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Taking a closer look at wildland fire shelters

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EUREKA- Forest officials say the fire shelter a Plumas National Forest Firefighter used on Monday likely prevented more serious injuries.  They say he likely deployed it because he was disoriented and lost track of where his escape route was.

"The shelter was certainly a component to providing some survivable space in an environment that was smoky and hot,”said Forest Fire Chief Mike Minton, the Interagency Fire Chief for Six Rivers National Forest.

All federal firefighters have been required to have a wildland fire shelters on them since the 1980s.  The multi-layered fiberglass laminate interior provides some insulation and its reflective outer shell keeps most of the heat out during fire situations.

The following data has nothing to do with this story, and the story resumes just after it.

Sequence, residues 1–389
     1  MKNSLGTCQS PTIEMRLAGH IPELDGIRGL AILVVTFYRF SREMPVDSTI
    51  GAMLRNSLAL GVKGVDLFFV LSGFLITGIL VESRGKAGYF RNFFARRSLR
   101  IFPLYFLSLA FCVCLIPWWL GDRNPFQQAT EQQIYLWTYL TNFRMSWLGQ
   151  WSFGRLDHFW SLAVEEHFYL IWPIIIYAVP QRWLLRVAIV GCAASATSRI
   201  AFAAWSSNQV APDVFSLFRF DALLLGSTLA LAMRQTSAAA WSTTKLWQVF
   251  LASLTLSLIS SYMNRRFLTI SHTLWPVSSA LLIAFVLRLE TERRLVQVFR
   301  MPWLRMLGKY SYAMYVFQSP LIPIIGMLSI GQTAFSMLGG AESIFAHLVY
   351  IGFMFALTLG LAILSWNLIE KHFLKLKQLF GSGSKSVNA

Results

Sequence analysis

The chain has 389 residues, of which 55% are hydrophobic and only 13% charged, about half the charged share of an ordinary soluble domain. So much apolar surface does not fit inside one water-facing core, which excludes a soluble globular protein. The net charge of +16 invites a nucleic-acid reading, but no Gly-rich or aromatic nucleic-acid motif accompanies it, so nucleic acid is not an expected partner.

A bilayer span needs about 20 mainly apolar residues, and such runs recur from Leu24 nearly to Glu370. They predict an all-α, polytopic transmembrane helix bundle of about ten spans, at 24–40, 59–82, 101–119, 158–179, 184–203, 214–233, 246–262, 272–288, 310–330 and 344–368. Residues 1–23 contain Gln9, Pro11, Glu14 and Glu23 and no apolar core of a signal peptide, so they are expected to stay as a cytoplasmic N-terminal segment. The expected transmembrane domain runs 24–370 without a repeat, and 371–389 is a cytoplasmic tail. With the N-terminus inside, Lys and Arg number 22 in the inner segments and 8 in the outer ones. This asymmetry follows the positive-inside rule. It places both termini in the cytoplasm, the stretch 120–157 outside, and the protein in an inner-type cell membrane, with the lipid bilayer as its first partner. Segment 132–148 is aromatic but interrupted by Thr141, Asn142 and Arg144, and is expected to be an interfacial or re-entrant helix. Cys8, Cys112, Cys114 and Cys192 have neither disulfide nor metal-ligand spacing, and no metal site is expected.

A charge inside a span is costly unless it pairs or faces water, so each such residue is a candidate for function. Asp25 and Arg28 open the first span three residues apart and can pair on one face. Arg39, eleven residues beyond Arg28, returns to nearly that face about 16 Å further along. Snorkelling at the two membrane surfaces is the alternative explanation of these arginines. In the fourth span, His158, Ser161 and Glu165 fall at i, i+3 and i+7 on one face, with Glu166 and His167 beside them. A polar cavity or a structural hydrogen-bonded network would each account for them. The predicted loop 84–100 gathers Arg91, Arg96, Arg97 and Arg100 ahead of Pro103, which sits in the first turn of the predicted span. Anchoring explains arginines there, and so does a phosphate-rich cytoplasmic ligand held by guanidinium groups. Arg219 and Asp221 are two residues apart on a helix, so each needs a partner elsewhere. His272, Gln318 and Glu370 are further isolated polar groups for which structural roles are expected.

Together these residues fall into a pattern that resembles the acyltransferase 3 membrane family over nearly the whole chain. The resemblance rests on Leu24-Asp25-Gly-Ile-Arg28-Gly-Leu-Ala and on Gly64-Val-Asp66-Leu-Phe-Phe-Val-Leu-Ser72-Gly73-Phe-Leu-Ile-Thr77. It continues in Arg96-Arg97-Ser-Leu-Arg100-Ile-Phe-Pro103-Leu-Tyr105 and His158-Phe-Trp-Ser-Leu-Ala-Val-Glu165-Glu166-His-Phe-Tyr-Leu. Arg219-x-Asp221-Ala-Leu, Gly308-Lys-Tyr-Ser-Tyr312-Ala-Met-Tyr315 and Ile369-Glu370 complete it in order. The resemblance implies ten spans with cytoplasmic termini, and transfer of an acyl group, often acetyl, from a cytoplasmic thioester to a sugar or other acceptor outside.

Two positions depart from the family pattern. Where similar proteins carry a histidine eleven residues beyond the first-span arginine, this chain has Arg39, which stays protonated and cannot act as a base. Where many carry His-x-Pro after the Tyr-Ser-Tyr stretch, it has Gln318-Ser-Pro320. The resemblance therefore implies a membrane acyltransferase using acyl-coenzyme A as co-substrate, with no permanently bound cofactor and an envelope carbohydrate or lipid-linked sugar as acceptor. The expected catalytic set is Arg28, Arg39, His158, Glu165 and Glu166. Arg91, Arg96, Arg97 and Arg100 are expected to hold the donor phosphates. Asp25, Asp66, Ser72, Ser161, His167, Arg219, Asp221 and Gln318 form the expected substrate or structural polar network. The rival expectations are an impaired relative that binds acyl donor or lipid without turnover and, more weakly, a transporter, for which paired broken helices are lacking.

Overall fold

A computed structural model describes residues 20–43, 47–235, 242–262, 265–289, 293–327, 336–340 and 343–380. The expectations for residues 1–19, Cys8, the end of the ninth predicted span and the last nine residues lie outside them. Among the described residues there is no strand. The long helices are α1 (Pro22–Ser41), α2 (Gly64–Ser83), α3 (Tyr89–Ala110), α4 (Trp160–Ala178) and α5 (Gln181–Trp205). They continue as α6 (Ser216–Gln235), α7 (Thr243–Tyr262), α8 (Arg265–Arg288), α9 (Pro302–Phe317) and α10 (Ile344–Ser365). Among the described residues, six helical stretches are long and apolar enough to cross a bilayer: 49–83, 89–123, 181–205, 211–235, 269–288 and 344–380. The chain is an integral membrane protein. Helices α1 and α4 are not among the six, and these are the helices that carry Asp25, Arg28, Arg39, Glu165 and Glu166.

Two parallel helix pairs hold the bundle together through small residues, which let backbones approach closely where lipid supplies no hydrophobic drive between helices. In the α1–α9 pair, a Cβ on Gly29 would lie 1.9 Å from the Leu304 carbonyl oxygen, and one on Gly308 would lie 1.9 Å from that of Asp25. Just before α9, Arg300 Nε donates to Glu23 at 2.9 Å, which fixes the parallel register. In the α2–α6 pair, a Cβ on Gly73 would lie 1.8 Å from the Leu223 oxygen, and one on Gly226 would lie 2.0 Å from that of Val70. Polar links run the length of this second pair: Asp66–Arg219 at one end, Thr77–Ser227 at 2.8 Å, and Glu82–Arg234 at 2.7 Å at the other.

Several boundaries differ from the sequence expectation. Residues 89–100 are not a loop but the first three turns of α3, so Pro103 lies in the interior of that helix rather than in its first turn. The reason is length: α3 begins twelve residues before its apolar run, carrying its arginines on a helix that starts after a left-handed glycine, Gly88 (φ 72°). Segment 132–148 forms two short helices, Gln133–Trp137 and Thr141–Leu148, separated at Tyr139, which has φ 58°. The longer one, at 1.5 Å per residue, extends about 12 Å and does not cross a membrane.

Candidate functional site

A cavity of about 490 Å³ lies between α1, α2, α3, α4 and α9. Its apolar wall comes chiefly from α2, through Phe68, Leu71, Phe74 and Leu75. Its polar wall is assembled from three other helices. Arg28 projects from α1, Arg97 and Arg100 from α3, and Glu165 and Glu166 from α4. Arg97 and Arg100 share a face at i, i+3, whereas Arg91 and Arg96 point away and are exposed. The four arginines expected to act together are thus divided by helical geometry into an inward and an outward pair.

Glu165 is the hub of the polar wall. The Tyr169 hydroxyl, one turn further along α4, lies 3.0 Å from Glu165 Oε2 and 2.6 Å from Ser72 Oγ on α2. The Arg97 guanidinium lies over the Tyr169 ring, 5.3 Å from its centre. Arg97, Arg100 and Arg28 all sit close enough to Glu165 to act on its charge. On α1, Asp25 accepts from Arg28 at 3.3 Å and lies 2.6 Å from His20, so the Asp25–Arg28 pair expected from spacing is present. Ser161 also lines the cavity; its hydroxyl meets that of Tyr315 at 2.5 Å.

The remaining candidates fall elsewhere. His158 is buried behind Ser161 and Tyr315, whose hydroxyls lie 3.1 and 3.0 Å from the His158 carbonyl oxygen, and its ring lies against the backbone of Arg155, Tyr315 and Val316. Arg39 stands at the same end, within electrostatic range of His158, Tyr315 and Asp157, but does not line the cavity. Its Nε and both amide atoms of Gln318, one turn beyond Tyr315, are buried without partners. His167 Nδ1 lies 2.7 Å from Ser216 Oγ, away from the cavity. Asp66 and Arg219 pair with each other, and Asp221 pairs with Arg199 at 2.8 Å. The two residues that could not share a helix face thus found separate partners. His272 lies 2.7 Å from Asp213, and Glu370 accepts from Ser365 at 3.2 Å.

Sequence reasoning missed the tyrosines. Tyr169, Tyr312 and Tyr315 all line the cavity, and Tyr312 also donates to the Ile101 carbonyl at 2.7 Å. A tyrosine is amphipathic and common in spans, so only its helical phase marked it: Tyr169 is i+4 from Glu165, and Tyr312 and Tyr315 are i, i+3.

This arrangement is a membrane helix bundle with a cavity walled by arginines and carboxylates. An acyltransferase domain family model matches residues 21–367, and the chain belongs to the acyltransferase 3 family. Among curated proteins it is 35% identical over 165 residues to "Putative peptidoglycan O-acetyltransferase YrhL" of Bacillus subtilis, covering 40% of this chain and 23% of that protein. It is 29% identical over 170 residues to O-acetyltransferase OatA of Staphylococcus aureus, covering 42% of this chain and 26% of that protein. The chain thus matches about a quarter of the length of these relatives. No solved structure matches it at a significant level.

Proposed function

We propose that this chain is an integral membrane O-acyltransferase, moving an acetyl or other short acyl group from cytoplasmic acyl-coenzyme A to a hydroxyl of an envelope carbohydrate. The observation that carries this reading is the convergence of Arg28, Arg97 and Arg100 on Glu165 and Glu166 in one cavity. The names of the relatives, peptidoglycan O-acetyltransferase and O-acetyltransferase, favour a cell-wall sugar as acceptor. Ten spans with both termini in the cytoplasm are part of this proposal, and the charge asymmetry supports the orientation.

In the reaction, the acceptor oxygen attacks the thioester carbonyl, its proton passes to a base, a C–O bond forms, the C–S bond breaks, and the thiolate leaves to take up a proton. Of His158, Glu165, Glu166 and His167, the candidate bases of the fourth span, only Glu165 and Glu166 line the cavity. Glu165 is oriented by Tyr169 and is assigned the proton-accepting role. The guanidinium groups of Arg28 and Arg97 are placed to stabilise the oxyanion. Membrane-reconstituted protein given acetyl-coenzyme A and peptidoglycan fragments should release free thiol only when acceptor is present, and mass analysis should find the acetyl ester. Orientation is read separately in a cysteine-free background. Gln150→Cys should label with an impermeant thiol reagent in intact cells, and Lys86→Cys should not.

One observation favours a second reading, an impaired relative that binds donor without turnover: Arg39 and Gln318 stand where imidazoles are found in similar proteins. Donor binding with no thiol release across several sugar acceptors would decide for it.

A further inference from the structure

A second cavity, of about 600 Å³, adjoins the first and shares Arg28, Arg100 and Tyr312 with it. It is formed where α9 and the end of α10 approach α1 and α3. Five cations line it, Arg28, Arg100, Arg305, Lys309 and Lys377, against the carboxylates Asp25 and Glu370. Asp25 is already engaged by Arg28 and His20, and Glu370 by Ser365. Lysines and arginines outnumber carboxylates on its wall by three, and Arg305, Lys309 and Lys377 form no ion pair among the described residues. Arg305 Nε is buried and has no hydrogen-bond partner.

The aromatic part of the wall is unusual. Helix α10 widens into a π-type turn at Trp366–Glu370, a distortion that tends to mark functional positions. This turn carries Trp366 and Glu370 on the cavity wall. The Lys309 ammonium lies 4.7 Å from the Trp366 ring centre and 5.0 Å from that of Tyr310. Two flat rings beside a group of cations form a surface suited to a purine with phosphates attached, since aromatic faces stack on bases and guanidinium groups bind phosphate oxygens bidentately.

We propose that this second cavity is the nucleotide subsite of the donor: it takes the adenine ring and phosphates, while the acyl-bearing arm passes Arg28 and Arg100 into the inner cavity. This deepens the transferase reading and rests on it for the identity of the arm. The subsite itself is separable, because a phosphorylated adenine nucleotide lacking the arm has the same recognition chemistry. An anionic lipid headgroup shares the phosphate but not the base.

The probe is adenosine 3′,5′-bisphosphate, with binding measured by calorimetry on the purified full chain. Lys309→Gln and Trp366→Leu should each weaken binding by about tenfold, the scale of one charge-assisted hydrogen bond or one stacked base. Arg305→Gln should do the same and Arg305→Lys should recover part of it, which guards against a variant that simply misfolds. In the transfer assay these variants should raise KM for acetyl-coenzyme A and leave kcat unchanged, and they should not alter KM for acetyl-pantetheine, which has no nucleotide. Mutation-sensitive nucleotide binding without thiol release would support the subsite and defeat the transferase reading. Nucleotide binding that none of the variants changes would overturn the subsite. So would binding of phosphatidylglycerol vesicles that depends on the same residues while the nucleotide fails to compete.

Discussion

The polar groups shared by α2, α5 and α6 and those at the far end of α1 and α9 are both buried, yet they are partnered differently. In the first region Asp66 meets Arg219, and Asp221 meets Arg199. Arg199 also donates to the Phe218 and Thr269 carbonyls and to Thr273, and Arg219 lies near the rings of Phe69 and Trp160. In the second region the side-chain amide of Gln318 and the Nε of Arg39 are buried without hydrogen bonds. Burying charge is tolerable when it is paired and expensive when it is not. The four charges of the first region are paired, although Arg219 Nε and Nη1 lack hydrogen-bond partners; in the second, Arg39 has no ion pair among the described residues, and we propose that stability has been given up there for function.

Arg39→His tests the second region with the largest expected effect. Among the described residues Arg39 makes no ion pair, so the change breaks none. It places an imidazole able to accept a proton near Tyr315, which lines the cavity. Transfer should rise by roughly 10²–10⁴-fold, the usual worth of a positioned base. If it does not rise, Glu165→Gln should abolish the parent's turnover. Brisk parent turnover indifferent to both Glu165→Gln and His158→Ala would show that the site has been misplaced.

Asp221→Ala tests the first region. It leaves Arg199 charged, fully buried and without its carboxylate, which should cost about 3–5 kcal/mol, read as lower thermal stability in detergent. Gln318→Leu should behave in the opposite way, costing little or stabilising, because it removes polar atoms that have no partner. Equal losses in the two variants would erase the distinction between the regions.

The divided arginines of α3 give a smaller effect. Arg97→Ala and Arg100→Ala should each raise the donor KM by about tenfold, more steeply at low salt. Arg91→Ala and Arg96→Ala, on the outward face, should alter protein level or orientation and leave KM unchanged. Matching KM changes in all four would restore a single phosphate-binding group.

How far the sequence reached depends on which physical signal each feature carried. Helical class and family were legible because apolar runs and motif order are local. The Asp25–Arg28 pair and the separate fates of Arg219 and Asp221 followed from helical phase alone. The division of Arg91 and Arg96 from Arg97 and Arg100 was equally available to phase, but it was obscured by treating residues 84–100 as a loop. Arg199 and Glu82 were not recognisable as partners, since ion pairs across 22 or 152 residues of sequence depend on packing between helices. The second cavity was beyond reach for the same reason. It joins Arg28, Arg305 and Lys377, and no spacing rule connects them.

"It's not a smoke free environment by any means but it's certainly a reduced smoke environment, and then the firefighters are trained to keep their airway, their mouth and nose low to the ground, essentially right near the dirt.  The lowest elevation within the fire shelter is going to be the most breathable air,"

"But fire officials say the shelters are a last resort and that they're rarely used," Forest Fire Chief Minton said.

"Escape routes and safety zones are standard procedure things that we train firefighters in.  It's always that preferred alternative is that we don't end up in compromising positions," said Forest Fire Chief Minton.

The shelters take less than a minute to deploy, which forest officials say can be crucial for survival.

"When you're working in an environment as dynamic as wildland fire, where something as benign as a slight gust of wind can change your whole scenario in a rapid manner,” Forest Fire Chief Minton said.

Even with advancements over the years, forest officials say they are not 100 percent reliable in fire situations.

"We do have fatalities associated with people who tried to survive in a fire shelter but they are overcome ordinarily by smoke inhalation and sometimes by sheer volume of heat," said Forest Fire Chief Minton.